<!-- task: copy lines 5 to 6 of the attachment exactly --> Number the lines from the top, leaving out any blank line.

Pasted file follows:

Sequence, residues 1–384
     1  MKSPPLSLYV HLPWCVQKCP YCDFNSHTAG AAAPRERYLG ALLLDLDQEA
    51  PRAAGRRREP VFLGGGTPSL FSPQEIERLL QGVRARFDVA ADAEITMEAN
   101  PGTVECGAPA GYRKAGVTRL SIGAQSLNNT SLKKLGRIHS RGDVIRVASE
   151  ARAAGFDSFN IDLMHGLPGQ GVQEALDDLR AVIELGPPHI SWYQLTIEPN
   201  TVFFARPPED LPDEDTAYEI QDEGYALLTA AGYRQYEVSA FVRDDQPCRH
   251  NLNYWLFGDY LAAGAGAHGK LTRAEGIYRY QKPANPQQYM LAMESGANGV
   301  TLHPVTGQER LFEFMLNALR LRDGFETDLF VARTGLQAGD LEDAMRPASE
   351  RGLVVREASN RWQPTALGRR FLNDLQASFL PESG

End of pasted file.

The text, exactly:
   151  ARAAGFDSFN IDLMHGLPGQ GVQEALDDLR AVIELGPPHI SWYQLTIEPN
   201  TVFFARPPED LPDEDTAYEI QDEGYALLTA AGYRQYEVSA FVRDDQPCRH